To streamline the process, he said a new law passed Wednesday allows private schools to review and enroll students, steps that in the past were done by government officials. The change gives private universities, which serve about 20 percent of Mexican students, the same enrollment power as public schools, he said.
Mexico Sen. Víctor Hermosillo, a member of the federal government’s Education Commission, said politicians south of the border are working to create a law within 30 days to protect Mexican students who may be deported from the United States.
Specifically, he said the law would guarantee those students have the same rights as all Mexico citizens to attend schools in the country for free.
Hermosillo estimated there may be 100,000 unauthorized immigrant students from Mexico in American schools from kindergarten through college.
“We have to answer how are we going to find a place for them in our schools,” he said.
Hermosillo, León-García and other Mexican officials also plan to meet with California legislators Feb.15 to discuss education, immigration and other border issues.
While state officials may be helpless to stop federal orders regarding immigration, Hermosillo said the meetings could lead to both sides working together to make any transition facing students run smoothly.
He also hopes the meetings will create better relations between the two countries.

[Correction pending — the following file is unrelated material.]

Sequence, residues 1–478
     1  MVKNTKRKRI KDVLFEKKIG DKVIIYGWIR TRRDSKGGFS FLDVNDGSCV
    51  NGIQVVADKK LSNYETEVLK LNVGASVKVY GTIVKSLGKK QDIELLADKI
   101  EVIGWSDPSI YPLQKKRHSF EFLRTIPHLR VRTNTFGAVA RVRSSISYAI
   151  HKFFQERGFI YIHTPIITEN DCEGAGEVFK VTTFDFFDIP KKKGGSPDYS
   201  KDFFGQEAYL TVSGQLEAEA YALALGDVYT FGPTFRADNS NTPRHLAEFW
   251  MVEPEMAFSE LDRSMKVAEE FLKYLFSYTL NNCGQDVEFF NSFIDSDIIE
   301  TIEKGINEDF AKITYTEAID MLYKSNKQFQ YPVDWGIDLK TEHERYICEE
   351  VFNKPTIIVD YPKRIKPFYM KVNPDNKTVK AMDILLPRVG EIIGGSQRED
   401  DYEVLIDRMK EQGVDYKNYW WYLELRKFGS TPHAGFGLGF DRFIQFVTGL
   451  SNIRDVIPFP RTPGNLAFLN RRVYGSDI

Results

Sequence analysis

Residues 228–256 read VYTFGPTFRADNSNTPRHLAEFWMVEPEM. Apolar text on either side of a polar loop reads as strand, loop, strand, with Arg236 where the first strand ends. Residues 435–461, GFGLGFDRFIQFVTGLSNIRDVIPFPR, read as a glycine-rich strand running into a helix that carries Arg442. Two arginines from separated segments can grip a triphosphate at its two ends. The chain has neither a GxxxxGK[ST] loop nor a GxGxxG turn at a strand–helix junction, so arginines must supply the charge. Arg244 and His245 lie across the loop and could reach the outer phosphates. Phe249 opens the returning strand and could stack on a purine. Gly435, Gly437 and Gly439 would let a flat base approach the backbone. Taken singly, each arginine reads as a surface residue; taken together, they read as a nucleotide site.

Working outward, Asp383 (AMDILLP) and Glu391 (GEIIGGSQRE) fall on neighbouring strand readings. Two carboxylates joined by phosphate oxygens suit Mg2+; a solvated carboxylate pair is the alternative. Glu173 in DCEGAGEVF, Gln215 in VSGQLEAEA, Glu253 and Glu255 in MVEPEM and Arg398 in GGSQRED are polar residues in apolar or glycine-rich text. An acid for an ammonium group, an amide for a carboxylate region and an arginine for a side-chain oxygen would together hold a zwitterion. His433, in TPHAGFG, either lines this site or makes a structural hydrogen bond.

“We’re going to have more of a relationship with the United States,” he said. “There is a lot of misunderstanding.”
Hernández, whose association represents 100 of the top public and private institutions and research centers in Mexico, said he worries that deportations or other changes in immigration laws could stall the improved relations he has seen building between educators in the two countries over the past three years.
“I think it’s a shame, because there are so many things to do,” he said. “We need to know more from each other and understand from each other.”
Both Hermosillo and Hernández said the U.S. needs to have a better understanding of the contribution of Mexican immigrants.
“There are 300,000 Mexicans with graduate degrees working in the U.S.,” he said. “Mexico is not necessarily sending bad people. They’re sending good people.”
Despite the concerns, León-García said relations between schools on both sides of the border will remain solid.
“The communications and collaboration between universities are so strong that it would be very difficult for walls to stop them,” he said.
.León-García said collaborations include professors from SDSU teaching in at CETYS and engineering students at UC San Diego interning at a high-end electronics firm in Mexicali.
But changes on the border, whether a wall or increased security, could have consequences, he said.
About 350 students in the U.S. regularly cross the border to classes at CETYS in Tijuana and Mexicali, he said. Border waits already are long, and if they become even longer, León-García said it might discourage students from attending the school.
Source The San Diego Union Tribune